Felix Schönbrodt

Dr. Dipl.-Psych.

A short taxonomy of Bayes factors

I started to familiarize myself with Bayesian statistics. In this post I’ll show some insights I had about Bayes factors (BF).

What are Bayes factors?

Bayes factors provide a numerical value that quantifies how well a hypothesis predicts the empirical data relative to a competing hypothesis. For example, if the BF is 4, this indicates: “This empirical data is 4 times more probable if H₁ were true than if H₀ were true.”
. Hence, evidence points towards H₁. A BF of 1 means that data are equally likely to be occured under both hypotheses. In this case, it would be impossible to decide between both.

More formally, the BF can be written as:

BF_{10} = \frac{p(D|H_1)}{p(D|H_0)}

where D is the data.

(for more formal introductions to BFs, see Wikipedia, Bayesian-Inference, or the classic paper by Kass and Raftery, 1995).

Hence, the BF is a ratio of probabilities, and is related to larger class of likelihood-ratio test.

Although many authors agree about the many theoretical advantages of BFs, until recently it was complicated and unclear how to compute a BF even for the simplest standard designs (Rouder, Morey, Speckman, & Province, 2012). Fortunately, over the last years default Bayes factors for several standard designs have been developed (Rouder et al., 2012; Rouder, Speckman, Sun, Morey, & Iverson, 2009; Morey & Rouder, 2011). For example, for a two-sample t test, a BF can be derived simply by plugging the t value and the sample sizes into a formula. The BF is easy to compute by the R package BayesFactor (Morey & Rouder, 2013), or by online calculators [1][2].

Flavors of Bayes factors

When I started to familiarize myself with BFs, I was sometimes confused, as the same number seemed to mean different things in different publications. And indeed, four types of Bayes factors can be distinguished. “Under the hood”, all four types are identical, but you have to be aware which type has been employed in the specific case.

The first distinction is, whether the BF indicates “H_0 over H_1” (=BF_{01}), or “H_1 over H_0” (=BF_{10}). A BF_{01} of 2 means “Data is 2 times more likely to be occured under H_0 than under H_1“, while the same situation would be a BF_{10} of 0.5 (i.e., the reciprocal value 1/2). Intuitively, I prefer larger values to be “better”, and as I usually would like to have evidence for H_1 instead of H_0, I prefer the BF_{10}.

The second distinction is, whether one reports the raw BF, or the natural logarithm of the BF. The logarithm has the advantage that the scale above 1 (evidence for H_1) is identical to the scale below 1 (evidence for H_0). In the previous example, a BF_{10} of 2 is equivalent to a BF_{01} of 0.5. Taking the log of both values leads to log(BF_{10}) = 0.69 and log(BF_{01}) = -0.69: Same value, reversed sign. This makes the log(BF) ideal for visualization, as the scale is linear in both directions. Following graphic shows the relationship between raw/log BF:

Figure 1

Figure 1


As you can see in the Table of Figure 1, different authors use different flavors. Notably, the website calculator gives “raw-” BF, while the BayesFactor package gives “log+” BF. (That caused me some headache … To be clear: The help page of ?ttest.tstat clearly states that it computes the “log(e) Bayes factor (against the point null)”. Once you understand the system, everything falls into place; but it took me some time to figure out how to understand and convert the different metrics.)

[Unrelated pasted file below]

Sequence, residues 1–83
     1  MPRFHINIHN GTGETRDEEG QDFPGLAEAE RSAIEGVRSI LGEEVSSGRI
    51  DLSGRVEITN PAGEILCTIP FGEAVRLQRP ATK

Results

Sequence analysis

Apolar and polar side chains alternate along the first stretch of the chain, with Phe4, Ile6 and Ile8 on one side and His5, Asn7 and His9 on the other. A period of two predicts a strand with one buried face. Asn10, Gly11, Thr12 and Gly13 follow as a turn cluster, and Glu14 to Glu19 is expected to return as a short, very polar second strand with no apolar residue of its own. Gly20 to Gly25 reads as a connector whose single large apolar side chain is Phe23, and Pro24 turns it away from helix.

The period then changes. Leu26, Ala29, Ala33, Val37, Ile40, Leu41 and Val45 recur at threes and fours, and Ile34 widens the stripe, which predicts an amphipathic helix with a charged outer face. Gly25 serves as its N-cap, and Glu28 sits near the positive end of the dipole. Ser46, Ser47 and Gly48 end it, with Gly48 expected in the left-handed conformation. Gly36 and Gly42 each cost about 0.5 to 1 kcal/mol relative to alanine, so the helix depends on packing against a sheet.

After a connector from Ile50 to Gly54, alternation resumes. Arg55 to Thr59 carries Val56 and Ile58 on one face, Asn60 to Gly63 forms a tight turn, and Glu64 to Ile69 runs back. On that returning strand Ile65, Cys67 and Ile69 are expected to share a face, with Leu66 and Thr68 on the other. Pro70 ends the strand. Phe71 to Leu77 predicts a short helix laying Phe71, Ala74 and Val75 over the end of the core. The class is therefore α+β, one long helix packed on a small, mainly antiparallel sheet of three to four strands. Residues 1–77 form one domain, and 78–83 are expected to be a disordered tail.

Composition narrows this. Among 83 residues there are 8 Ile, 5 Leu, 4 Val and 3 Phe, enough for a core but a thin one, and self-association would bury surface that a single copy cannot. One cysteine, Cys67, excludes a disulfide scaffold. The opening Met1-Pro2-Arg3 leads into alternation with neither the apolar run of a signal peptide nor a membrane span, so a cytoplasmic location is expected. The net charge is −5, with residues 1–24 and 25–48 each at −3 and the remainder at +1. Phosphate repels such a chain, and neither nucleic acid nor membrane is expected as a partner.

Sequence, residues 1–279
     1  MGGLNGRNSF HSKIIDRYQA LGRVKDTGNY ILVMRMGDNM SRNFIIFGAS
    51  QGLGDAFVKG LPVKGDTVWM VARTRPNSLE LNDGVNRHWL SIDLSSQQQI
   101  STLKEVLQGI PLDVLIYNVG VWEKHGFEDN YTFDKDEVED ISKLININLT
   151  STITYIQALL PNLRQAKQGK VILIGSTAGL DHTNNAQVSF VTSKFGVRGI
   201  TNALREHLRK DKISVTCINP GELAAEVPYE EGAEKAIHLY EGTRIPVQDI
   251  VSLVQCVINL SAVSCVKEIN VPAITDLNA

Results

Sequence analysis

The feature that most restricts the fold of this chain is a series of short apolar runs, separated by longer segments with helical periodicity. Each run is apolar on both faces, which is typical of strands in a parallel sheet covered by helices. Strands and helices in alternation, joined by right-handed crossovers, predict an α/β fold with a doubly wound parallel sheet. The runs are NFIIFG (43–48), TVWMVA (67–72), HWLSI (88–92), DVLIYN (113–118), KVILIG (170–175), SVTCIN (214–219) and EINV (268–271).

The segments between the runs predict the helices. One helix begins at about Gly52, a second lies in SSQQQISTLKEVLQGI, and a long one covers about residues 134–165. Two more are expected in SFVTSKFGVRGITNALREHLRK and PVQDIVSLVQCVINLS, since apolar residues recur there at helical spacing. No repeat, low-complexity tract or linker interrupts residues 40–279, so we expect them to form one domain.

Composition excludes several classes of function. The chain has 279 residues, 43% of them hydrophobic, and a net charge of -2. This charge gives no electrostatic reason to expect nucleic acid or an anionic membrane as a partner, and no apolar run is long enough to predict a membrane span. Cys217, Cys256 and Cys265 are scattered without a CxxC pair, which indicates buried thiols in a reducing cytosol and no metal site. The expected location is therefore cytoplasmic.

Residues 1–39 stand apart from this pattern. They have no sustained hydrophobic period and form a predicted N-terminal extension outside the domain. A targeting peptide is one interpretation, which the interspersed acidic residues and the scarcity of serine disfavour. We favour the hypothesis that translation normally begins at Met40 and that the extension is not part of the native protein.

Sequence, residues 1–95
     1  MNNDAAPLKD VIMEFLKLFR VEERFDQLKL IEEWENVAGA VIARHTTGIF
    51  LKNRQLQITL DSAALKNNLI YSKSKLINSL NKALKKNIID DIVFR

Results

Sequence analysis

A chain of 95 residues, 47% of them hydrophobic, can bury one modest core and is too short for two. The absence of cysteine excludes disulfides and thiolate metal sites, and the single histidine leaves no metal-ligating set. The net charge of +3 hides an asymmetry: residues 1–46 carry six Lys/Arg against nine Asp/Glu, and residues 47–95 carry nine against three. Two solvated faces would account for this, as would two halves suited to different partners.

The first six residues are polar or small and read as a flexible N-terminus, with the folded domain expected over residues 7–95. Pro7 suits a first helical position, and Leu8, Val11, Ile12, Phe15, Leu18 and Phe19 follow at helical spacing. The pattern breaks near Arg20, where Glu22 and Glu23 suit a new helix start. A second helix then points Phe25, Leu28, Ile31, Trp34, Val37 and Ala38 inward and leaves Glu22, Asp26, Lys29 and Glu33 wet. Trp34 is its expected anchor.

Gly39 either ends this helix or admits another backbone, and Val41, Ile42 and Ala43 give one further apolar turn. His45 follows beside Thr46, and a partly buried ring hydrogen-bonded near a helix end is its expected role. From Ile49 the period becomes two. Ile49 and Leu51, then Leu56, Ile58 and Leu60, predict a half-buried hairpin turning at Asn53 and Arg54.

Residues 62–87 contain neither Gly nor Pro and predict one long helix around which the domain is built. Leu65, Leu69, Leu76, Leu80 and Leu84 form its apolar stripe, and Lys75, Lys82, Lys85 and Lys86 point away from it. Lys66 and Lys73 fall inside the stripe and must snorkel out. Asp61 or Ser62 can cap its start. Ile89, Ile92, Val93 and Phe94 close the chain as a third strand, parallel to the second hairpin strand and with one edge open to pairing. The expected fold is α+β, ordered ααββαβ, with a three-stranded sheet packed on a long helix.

Figure 2 shows conversion paths of the different BF flavors:

Figure 2

Figure 2


For example, if you enter t = 2.51, n = 100 into the website, you get a JZS Bayes Factor = 0.6140779. The same numbers in the BayesFactor package give a BF of 0.4876335:

> ttest.tstat(t=2.51, n1=100, r=1)
[1] 0.4876335

# now apply the conversion formula 1/exp(BF)
> 1/(exp(0.4876335))
[1] 0.6140779

As you can see: After applying the conversion, it is exactly the same.

Related posts: Exploring the robustness of Bayes Factors: A convenient plotting function


Morey, R. D. & Rouder, J. N. (2011). Bayes factor approaches for testing interval null hypotheses. Psychological Methods, 16(4), 406–419. PMID: 21787084. doi:10.1037/a0024377

Morey, R. D. & Rouder, J. N. (2013). {BAYESFACTOR}: computation of bayes factors for common designs. R package version 0.9.4. Retrieved from http://CRAN.R- project.org/package=BayesFactor

Rouder, J. N., Morey, R. D., Speckman, P. L., & Province, J. M. (2012). Default bayes factors for ANOVA designs. Journal of Mathematical Psychology, 56(5), 356–374. doi:10.1016/j.jmp.2012.08.001

Rouder, J. N., Speckman, P. L., Sun, D., Morey, R. D., & Iverson, G. (2009). Bayesian t tests for accepting and rejecting the null hypothesis. Psychonomic Bulletin & Review, 16(2), 225–237.

Comments (7) | Trackback

7 Responses to “A short taxonomy of Bayes factors”

  1. HG says:

    Excellent post! Great job!

  2. Kishore Rathi says:

    Dear Felix

    Interesting post. I have a completely unrelated question: Which software did you use to produce the figures 1 & 2 in your post. I am trying to identify a suitable open-source software to produce figures like yours.

    Appreciate your help very much.



  3. CL says:

    Thanks, this is a clear and helpful explanation..

  4. […] the free lunch in inference” Jeff Rouder and colleagues argue that in the case of the default Bayes factor for t tests the choice of the H1 prior distribution does not make a strong difference (see Figure […]

  5. […] likely than the H0 to speak of evidence for an effect). For an introduction to Bayes factors see here, here, or […]

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